San Diego Union Tribune

July 24, 2004

Vietnam protests put Kerry in early spotlight

Copley News Service

WASHINGTON  The cavernous Senate hearing room was packed, with the usual well-groomed Capitol crowd mixed with scores of scruffy-looking military veterans, some in partial uniforms.

Sitting alone at the witness table in front of six graying senators was a young man, his green jungle fatigues adorned with three rows of ribbons, his long-jawed face framed by a thick mop of hair.

John Kerry, a decorated former Navy officer and the Ivy League-educated scion of an old Massachusetts family, urged the Senate Foreign Relations Committee to end the war in Vietnam because every day men were dying so the United States did not have to admit "that we have made a mistake."

"How do you ask a man to be the last man to die in Vietnam? How do you ask a man to be the last man to die for a mistake?" a 27-year-old Kerry asked.

That electrifying appearance April 22, 1971, catapulted Kerry into national prominence, setting the stage for a political career that has the Massachusetts senator on the verge of accepting next week's Democratic nomination for president.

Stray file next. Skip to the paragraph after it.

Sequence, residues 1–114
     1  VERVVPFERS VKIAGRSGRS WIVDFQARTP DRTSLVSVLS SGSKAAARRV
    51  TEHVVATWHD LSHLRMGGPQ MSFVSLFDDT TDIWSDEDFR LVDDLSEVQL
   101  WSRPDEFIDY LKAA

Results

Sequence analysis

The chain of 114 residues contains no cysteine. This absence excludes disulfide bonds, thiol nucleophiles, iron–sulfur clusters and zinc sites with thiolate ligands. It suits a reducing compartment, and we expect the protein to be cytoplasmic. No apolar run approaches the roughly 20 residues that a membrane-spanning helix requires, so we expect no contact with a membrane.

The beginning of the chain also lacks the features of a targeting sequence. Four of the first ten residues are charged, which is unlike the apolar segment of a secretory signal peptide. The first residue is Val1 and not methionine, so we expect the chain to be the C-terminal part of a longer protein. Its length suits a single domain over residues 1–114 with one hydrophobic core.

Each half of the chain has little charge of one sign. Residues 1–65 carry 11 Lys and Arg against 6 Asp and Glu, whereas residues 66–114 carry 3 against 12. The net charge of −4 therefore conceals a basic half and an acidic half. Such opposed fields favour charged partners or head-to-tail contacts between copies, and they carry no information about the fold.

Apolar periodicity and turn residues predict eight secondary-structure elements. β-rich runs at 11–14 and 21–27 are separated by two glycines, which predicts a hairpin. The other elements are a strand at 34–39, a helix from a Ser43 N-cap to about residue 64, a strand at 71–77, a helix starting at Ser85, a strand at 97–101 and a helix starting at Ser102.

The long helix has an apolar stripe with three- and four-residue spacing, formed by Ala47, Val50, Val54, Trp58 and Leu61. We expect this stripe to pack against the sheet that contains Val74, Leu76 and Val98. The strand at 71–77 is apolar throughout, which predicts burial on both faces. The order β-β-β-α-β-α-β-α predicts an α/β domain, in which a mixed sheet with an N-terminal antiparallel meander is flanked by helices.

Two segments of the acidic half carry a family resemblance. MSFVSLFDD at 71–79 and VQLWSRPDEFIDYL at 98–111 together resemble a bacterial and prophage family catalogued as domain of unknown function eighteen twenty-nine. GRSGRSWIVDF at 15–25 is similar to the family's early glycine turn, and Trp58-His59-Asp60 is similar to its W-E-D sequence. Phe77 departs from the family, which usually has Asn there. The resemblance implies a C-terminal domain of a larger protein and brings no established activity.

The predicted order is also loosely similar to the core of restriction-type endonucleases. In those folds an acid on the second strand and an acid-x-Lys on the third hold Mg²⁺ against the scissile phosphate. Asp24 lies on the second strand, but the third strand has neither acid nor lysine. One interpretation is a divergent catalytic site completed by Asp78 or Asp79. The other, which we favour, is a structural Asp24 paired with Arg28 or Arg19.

In his bid for the White House, Kerry has relied heavily on his record as a thrice-wounded veteran and on the support of hundreds of fellow veterans, including the "band of brothers" of former sailors he led.

But he has been assailed by other Vietnam veterans who still burn with anger over Kerry's role in the anti-war movement.

Although Kerry already had doubts about the war, he has said he felt an obligation to serve because a number of his close friends at Yale were joining the military and because of his background. Kerry was born in a Denver military hospital in 1943; his father was an Army Air Forces pilot.

Kerry reported to Officer Candidate School at Newport, R.I., in August 1966 and three months later was commissioned as an ensign in the Navy Reserve.